Rural Countryside, Temples and Scenic Boat Ride
Trip Start Dec 18, 2011
18Trip End Feb 26, 2012
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Where I stayed
Had a long day on the bus to get from Sihanoukville to Battambang since a night bus was not an option. Had lots of nice rural scenery to watch out of my window and after about 4-5hrs on the bus I arrived at Phnom Penh.
Here I found that I to get a tuk tuk to another bus terminal from which the bus to Battambang departed. This transit ended up being just over an hour with me sitting in the terminal and watching the locals. Also had to make sure I got the right bus since the announcements that were being made werent particularly clear and I had no idea what time my bus was actually going to depart.
Once the bus finally arrived I found that I had another 6hr bus journey before I reached Battambang
Found that the two places recommended by my book were both full so had to find another place. Luckily one was just down the road for about the same price. Was a nice enough place so decided to stay there both night rather than change the following night.
Hadnt really eaten much all day so wandered the streets looking for some food. Could find a restaurant but did find a shop where I could grab something to eat.
Day 1 - Town, Phnom Banan, Phnom Sampeau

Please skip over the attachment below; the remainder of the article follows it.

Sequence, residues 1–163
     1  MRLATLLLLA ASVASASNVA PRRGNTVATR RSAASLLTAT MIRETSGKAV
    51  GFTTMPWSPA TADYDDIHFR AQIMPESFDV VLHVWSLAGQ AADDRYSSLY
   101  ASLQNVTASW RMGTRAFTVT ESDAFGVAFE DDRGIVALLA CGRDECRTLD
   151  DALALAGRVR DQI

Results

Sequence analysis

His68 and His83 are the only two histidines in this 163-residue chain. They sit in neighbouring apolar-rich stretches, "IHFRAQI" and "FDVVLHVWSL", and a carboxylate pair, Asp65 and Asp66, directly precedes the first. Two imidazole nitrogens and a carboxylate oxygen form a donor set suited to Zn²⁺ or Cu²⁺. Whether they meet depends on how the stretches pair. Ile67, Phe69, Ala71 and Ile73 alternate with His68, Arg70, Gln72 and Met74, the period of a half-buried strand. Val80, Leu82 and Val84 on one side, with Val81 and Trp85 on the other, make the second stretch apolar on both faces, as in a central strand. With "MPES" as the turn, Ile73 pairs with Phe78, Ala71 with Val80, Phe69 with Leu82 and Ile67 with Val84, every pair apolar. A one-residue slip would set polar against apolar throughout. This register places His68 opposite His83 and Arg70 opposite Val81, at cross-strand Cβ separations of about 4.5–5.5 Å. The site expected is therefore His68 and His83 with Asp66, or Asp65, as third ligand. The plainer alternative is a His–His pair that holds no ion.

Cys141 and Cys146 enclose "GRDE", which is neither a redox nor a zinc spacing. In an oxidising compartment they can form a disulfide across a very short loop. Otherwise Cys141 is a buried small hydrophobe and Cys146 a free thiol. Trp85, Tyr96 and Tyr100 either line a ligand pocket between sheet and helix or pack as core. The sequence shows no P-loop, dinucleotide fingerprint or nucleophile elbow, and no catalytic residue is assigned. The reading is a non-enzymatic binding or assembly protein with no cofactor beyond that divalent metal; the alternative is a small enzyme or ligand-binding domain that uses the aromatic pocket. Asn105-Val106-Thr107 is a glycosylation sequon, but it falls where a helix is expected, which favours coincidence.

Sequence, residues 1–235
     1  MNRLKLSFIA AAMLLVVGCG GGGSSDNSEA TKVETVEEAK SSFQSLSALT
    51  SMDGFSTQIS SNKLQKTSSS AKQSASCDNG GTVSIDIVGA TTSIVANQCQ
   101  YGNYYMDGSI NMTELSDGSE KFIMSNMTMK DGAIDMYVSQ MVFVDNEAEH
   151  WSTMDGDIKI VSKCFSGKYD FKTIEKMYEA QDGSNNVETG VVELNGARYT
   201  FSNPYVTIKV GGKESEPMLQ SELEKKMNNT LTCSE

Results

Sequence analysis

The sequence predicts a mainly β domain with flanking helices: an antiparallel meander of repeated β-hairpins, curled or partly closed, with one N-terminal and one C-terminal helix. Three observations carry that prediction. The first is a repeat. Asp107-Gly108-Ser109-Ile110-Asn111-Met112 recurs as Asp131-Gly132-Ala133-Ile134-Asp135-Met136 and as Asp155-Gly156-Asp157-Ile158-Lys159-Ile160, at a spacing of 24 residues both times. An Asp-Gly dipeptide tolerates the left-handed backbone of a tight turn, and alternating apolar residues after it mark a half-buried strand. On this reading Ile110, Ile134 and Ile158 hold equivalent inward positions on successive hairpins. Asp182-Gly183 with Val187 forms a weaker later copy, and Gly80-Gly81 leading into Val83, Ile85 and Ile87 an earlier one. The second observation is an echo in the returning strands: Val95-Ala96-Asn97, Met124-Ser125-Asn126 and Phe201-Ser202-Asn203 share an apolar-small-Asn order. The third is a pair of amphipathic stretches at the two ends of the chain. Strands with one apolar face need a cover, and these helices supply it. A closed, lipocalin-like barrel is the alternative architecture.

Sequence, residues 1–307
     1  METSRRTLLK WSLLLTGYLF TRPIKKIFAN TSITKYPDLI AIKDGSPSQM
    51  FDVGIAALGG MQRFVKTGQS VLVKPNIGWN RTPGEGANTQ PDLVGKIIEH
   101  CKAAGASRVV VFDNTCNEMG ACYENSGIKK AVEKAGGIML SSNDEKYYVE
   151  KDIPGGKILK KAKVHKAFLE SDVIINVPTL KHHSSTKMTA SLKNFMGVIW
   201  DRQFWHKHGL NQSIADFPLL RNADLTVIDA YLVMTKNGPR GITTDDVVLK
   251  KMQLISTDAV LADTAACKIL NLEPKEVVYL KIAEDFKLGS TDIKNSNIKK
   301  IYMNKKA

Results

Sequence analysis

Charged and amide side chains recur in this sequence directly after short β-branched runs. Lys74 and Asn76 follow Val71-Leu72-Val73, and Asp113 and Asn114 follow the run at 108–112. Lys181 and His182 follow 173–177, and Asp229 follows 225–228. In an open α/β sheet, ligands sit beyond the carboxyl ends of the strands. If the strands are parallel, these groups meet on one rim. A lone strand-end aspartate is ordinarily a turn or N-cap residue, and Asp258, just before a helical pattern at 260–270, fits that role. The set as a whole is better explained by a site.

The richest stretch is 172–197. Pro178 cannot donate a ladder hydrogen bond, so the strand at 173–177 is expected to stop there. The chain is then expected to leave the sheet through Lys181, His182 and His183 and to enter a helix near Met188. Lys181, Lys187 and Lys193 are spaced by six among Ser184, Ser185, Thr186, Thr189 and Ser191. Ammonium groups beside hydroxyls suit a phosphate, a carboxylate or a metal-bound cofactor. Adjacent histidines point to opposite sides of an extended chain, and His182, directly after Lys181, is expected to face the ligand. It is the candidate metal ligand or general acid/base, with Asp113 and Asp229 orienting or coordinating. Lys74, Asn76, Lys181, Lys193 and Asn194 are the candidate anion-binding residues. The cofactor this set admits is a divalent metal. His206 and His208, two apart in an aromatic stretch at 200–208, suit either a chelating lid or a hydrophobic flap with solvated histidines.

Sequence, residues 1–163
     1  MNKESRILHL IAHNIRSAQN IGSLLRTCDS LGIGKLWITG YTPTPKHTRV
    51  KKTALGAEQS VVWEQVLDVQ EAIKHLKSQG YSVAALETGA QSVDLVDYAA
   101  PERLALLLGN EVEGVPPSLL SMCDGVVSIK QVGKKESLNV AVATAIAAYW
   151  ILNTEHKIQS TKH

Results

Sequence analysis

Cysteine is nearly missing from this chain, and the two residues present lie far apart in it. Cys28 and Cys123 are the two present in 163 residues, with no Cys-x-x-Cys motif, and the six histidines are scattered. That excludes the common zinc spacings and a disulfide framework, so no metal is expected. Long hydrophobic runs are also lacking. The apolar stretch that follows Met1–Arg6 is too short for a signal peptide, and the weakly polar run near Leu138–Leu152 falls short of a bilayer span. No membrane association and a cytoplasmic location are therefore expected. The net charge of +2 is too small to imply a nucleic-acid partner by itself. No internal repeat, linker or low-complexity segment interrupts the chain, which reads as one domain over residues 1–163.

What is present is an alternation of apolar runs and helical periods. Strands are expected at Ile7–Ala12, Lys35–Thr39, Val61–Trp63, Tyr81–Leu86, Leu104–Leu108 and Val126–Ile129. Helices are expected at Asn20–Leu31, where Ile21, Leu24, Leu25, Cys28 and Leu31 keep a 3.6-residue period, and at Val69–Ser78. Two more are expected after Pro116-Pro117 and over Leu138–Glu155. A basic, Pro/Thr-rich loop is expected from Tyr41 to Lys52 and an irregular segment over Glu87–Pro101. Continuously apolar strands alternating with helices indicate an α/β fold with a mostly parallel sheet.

Headed out early to go to the ferry terminal to buy a boat ticket to Siem Reip. From the hotel headed to the river and then walked up along it to where the ferry terminal was. On my way had some nice views of the town which seemed to have quite a few colonial buildings in it
Unfortunately had no luck finding the boat ticket office. While I found a bus ticket office and a place with lots of boats next to a pharmacy I couldnt see the boat ticket office. Found out the following day that this had been on the other side of the pharmacy and was just one small building that really didnt stick out.
Since I had no ticket I decided to head to the hotel which the guide book recommended for buying tickets. Since it was early wandered the streets a bit along the way and found these full of life. In particular the markets I passed had lots of vendors and lots of buyers.
Once back at the hotel got the boat ticket at $18 rather than the normal ticket price of $20 which the boat ticket office charged. Not really sure why I could get the ticket for cheaper but I am not going to complain.
After having sorted my ticket I decided to hire a tuk tuk to visit some of the nearby sites
First stop was Phnom Banan which was about 28km from the town. Along the way had nice rural views and saw lots of people as well as quite a few villages and houses lining the road. Also lots of people transporting goods along the road on the back of trailers attached to motor bikes or rice field ploughers with their long handles. Other interesting sites included some monks walking down the road with the pots they use to collect the food for their meals and people going about chores. Could also see lots of livestock.